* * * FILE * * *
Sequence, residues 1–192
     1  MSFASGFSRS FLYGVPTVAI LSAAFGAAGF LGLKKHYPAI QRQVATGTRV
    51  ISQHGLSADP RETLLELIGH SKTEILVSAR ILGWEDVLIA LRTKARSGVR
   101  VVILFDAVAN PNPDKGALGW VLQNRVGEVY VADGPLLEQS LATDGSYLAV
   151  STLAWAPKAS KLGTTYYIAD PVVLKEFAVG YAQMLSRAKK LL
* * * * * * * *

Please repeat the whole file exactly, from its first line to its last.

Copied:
Sequence, residues 1–192
     1  MSFASGFSRS FLYGVPTVAI LSAAFGAAGF LGLKKHYPAI QRQVATGTRV
    51  ISQHGLSADP RETLLELIGH SKTEILVSAR ILGWEDVLIA LRTKARSGVR
   101  VVILFDAVAN PNPDKGALGW VLQNRVGEVY VADGPLLEQS LATDGSYLAV
   151  STLAWAPKAS KLGTTYYIAD PVVLKEFAVG YAQMLSRAKK LL